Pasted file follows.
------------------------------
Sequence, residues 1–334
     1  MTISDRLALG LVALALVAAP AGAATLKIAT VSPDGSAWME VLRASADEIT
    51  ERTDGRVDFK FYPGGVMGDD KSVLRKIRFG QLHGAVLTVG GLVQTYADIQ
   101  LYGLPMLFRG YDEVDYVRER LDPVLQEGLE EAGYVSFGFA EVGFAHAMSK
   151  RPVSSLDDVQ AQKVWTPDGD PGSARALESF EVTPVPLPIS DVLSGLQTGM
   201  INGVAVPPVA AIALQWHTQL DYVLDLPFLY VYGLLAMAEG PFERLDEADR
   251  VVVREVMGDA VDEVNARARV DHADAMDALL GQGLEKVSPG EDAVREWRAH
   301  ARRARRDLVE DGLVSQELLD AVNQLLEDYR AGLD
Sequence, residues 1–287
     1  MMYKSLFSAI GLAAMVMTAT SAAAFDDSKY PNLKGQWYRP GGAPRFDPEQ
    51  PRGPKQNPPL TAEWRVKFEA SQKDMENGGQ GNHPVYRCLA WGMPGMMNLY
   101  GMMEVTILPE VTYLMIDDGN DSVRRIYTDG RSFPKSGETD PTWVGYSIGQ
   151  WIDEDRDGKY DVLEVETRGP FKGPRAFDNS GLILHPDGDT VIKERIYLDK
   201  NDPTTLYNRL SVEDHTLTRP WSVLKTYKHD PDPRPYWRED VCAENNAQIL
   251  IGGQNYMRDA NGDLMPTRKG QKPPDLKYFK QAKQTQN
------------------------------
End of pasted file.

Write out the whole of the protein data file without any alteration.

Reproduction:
Sequence, residues 1–334
     1  MTISDRLALG LVALALVAAP AGAATLKIAT VSPDGSAWME VLRASADEIT
    51  ERTDGRVDFK FYPGGVMGDD KSVLRKIRFG QLHGAVLTVG GLVQTYADIQ
   101  LYGLPMLFRG YDEVDYVRER LDPVLQEGLE EAGYVSFGFA EVGFAHAMSK
   151  RPVSSLDDVQ AQKVWTPDGD PGSARALESF EVTPVPLPIS DVLSGLQTGM
   201  INGVAVPPVA AIALQWHTQL DYVLDLPFLY VYGLLAMAEG PFERLDEADR
   251  VVVREVMGDA VDEVNARARV DHADAMDALL GQGLEKVSPG EDAVREWRAH
   301  ARRARRDLVE DGLVSQELLD AVNQLLEDYR AGLD
Sequence, residues 1–287
     1  MMYKSLFSAI GLAAMVMTAT SAAAFDDSKY PNLKGQWYRP GGAPRFDPEQ
    51  PRGPKQNPPL TAEWRVKFEA SQKDMENGGQ GNHPVYRCLA WGMPGMMNLY
   101  GMMEVTILPE VTYLMIDDGN DSVRRIYTDG RSFPKSGETD PTWVGYSIGQ
   151  WIDEDRDGKY DVLEVETRGP FKGPRAFDNS GLILHPDGDT VIKERIYLDK
   201  NDPTTLYNRL SVEDHTLTRP WSVLKTYKHD PDPRPYWRED VCAENNAQIL
   251  IGGQNYMRDA NGDLMPTRKG QKPPDLKYFK QAKQTQN